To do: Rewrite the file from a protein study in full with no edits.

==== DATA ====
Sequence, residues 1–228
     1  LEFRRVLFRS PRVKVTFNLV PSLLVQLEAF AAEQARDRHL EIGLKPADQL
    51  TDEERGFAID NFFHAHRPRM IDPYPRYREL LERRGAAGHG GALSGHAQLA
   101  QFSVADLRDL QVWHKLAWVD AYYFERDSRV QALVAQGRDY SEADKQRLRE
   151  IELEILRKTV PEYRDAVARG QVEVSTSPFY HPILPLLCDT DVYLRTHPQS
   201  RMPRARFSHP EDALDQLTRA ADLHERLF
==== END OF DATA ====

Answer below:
Sequence, residues 1–228
     1  LEFRRVLFRS PRVKVTFNLV PSLLVQLEAF AAEQARDRHL EIGLKPADQL
    51  TDEERGFAID NFFHAHRPRM IDPYPRYREL LERRGAAGHG GALSGHAQLA
   101  QFSVADLRDL QVWHKLAWVD AYYFERDSRV QALVAQGRDY SEADKQRLRE
   151  IELEILRKTV PEYRDAVARG QVEVSTSPFY HPILPLLCDT DVYLRTHPQS
   201  RMPRARFSHP EDALDQLTRA ADLHERLF